Coast-to-coast and around the world, the heat is really on. As summer temps continue to set new records, so do electricity bills. Finding ways to save energy has never been more important for us as individuals and as a planet. If big ticket items (like solar power, a more efficient HVAC system) aren’t in your budget, no worries. There is another option. Think small, yet smart, with energy saving home products like these. They’re practical, affordable, and designed to help you keep your cool without breaking the bank.
The kitchen is often one of the hottest rooms in the house because a stove and oven emit lots of heat.
Air fryers save time, energy and money. According to this study, the cost of of cooking for 300 hours with an electric or gas oven is $120-$153 compared to $39—the cost of cooking for 150 hours with an air fryer (air fryers cook at least 50 percent quicker). Many affordable energy saving home products work with convection, cooking fast and evenly while releasing very little heat into the room. This air fryer also has a 5.8 quart basket that feeds up to five people, or fits an entire rotisserie chicken.
Premium air fryer, $129.99.
Over the past 25 years, I’ve owned two De’Longhi countertop ovens. Both have have been work horses and very durable. This countertop oven cooks 40% faster than a conventional oven without adding heat to the kitchen because of its insulated construction and double glass door. And it’s big enough to bake a pizza in it.
Livenza compact convection oven, $199.95.
Every day, I use an electric kettle like this. In about three minutes, it heats water to a boil. Having bought several kettles over the years, here’s what I’ve learned. “Cool touch” kettles with stainless steel interiors are the safest and most durable.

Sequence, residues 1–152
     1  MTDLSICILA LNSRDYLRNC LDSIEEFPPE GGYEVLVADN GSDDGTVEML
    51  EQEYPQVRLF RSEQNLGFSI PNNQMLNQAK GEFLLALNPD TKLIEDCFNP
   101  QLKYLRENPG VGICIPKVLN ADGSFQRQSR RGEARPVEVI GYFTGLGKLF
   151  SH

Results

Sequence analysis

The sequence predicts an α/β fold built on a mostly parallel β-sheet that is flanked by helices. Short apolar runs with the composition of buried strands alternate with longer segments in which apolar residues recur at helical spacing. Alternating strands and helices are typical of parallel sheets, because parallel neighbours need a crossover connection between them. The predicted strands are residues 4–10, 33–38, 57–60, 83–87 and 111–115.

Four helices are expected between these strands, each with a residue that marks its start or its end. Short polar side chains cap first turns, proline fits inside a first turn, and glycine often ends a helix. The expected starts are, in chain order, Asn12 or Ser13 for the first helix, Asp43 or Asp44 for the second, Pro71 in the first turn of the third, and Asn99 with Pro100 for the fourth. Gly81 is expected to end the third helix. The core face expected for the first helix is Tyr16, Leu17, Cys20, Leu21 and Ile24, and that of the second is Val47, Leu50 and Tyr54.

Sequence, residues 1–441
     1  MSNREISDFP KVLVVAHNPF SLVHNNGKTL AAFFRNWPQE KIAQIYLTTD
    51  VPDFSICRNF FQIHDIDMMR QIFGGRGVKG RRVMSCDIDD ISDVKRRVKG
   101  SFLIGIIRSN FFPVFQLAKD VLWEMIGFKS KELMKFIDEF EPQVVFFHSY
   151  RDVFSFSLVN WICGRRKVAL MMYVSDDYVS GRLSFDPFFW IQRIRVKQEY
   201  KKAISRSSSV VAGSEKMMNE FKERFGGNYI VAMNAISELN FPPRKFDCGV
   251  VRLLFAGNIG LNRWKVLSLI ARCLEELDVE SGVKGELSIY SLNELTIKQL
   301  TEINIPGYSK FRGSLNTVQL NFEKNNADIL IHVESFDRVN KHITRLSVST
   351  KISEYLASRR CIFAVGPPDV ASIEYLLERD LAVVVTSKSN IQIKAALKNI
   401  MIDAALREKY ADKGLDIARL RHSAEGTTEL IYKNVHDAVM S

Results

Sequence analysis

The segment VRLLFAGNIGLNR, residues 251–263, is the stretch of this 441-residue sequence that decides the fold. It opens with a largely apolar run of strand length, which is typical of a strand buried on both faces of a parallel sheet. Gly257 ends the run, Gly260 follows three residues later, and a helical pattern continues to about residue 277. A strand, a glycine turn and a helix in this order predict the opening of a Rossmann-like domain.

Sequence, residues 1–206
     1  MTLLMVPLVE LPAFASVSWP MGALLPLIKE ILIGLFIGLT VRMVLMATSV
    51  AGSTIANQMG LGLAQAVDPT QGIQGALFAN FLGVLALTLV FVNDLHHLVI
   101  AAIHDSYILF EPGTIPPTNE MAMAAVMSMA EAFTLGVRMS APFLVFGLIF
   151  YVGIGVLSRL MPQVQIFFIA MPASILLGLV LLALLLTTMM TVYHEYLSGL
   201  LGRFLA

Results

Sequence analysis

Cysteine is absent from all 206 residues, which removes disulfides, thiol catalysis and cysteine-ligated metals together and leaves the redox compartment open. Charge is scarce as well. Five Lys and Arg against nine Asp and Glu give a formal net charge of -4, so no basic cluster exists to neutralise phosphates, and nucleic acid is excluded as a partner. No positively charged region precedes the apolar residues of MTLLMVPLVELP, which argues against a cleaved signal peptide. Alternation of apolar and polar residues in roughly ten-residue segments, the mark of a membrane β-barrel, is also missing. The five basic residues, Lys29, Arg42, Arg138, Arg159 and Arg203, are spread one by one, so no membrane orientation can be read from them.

Meison Cool Touch stainless steel electric kettle, $22.99.
The laundry room is also usually one of the hottest rooms in the house. Most of a dryer’s energy goes into producing heat (duh), so the less your dryer is used, the more your savings will add up.
Drying racks have been used by thrifty homeowners for generations, and for good reason. They save on energy and clothes remain in good condition longer (dryer heat breaks fibers down). These drying racks are designed for compact spaces, and fold up for storage, too. My mom bought a similar over-the-door rack for me when I got my first apartment. Two houses later, I still use it every week. I also own the Amazon drying rack. It’s well-made and durable, too.
JALL drying rack, $11.99.
Whitmor over-the-door drying rack, $24.80.
I’m used to hot summers because I live in Texas. However, my thermometer lost its mind one month earlier than usual and we’re having energy grid issues (don’t get me started), so I’m trying to be extra prudent with my electricity use. By keeping a floor fan on, I’m finding that my home feels cooler because the air from my HVAC system is continually circulated at body level rather than rising upward.
I didn’t know about oscillating tower fans until I came across this one. It stands 42” high, has nine speeds, operates by remote control, and is really quiet (25-24db). The best price I’ve found for it is on Amazon where a $10 coupon is currently available.
Dreo Pilot Pro tower fan, $99.9 (when $10 coupon is applied).
While energy saving home products like these won’t deliver the same level of impact to your electricity bill that big ticket products do, they will help when used consistently and along with similar products. During sweltering temps like these, they’re worth trying.